So we need to dialogue with these planets. They give us humility and wisdom, while in a way we give them a vessel through which they can be expressed. It’s a sort of deal with the gods.
But though they are not part of us in an inner planet sense, they are still part of us, or we are part of them, we are part of their ocean. So what are they?
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I think we can see Pluto as the life-force. It’s that powerful energy that makes us want to go on living that we can easily take for granted, it’s a sort of given. It can take a Pluto transit for us to realise that we don’t control the power switch.
Battersea Power Station
A classic way in which Pluto transits occur is that you start to notice that you don’t have the same energy for something that you had previously, the life has started to go from that activity, and it’s beyond your control. It may be that you start to feel this about your whole life, like you don’t want to go on living in the way you have been.
And this is happening because it’s time for something more authentic, something more balanced. Or it may not be a balancing thing: it may be that you have reached a natural conclusion. You’ve been teaching yoga for 15 years, or your children have just left home, and it’s time for a new stage of life. You can usually see these sorts of transits almost like clockwork in the charts of mothers, you can often predict when their kids are going to leave home.
So that’s what Pluto does: he’s not just the life energy, he is also that tendency within life to move on to the next stage. Pluto as life energy, or life force, is much more powerful than we realise. Pluto connects us to something collective, something primordial. So it’s not necessarily pretty, but there can be an almost superhuman power there when something is important enough, like survival. But it’s not blind, because for humans there has to be meaning as well if we’re going to draw on Pluto’s power. It’s often precisely because a particular way of living no longer holds meaning for us that the energy drains away. And that’ll bring us onto Neptune and the mythological imagination, but there’s more on Pluto first.
It’s because Pluto moves us, or a situation, or a country onto the next stage that he is sometimes called evolutionary. The word evolve in the 1640s meant to unfold, open out, or expand, and it comes from the Latin ex volvare meaning to roll out. By 1832 it had come to mean “to develop by natural processes to a higher state.”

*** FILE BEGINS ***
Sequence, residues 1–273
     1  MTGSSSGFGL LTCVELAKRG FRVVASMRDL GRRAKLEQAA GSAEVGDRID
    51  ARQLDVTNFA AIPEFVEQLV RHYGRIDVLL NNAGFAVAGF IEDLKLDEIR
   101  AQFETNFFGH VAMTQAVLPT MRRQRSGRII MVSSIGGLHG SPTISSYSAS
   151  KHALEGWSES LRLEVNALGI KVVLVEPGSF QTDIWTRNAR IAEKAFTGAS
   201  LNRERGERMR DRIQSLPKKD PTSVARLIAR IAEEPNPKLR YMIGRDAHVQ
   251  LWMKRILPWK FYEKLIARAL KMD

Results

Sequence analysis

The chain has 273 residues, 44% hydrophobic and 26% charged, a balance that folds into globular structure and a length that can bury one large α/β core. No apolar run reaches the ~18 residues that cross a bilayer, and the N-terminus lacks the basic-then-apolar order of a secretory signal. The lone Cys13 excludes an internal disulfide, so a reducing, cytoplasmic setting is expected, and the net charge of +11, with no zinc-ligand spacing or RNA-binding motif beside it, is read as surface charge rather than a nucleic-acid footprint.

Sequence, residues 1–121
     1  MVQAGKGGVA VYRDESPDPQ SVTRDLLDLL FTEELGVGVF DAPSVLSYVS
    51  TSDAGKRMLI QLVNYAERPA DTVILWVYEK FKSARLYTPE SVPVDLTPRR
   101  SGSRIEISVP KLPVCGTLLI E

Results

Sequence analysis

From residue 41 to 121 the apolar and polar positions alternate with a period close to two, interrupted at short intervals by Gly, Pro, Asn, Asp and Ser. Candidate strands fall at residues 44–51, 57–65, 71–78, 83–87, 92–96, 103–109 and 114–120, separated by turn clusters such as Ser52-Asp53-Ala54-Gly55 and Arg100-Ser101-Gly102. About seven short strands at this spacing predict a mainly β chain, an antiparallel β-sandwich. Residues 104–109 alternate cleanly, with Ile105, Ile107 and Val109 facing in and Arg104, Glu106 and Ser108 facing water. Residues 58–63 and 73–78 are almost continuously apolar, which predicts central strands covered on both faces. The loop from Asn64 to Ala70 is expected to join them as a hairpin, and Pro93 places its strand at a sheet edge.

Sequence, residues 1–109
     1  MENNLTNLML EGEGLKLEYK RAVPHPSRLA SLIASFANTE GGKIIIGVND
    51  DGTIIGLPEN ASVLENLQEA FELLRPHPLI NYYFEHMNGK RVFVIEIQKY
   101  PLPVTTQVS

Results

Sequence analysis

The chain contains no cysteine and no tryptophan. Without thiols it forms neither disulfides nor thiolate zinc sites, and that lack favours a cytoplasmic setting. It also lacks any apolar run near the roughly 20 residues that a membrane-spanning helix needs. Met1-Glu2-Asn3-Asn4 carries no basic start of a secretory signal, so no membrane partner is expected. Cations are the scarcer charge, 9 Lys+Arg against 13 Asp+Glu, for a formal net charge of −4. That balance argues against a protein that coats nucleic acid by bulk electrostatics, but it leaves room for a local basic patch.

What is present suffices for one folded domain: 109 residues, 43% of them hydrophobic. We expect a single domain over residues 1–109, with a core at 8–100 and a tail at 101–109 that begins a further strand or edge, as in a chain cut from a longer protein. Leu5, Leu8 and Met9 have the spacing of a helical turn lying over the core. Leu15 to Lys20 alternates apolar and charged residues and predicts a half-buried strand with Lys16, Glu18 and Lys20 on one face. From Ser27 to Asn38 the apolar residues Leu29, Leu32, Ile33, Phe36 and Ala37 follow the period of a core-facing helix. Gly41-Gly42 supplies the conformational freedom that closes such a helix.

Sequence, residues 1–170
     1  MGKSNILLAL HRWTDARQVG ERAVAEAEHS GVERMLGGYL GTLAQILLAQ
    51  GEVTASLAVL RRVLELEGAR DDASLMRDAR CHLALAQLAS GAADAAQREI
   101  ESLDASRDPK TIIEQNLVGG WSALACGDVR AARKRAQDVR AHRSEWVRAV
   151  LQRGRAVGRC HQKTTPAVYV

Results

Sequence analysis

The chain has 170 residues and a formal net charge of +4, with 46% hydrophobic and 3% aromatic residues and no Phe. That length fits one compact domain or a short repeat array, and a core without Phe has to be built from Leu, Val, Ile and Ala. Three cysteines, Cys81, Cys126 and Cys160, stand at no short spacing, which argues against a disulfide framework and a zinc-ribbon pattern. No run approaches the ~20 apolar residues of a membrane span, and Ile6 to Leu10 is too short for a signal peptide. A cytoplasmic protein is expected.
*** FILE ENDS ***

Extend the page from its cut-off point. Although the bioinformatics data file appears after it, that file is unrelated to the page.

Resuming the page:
So there’s a bit of a difference there, and it’s obviously connects with the idea of biological evolution being a progress towards ever superior states, with humanity, and probably men, at the very top. And above that you get God. It’s an expansion on the medieval idea of the Great Chain of Being, except it goes from the bottom up instead of the top down.
The Medieval Great Chain of Being
So I don’t think that Pluto is evolutionary in this sense, though he can be. In the case of an individual person’s life, ideally he is evolutionary, in the sense of his transits and influence leading to greater consciousness. But I don’t think that in principle Pluto is evolutionary. Pluto is simply life, in an individual or collective sense, moving on to another stage. And I think it’s often best to leave it at that. Because if you drag in evolution, then that can be a matter of opinion as to whether or not a change is a good thing, it’s placing our ideas of value on a natural process.
And I think that applies particularly to Pluto in the collective. And if you look at history, I think it’s hard to make an argument that nations evolve in a sustained way. If you look at the last Uranus square Pluto, for example, in the early 1930s, what came out of that was the Great Depression, fascist regimes and then the second world war.
So that’s Pluto. He is the life force and its tendency to always be growing and renewing itself. It’s quite a mysterious thing.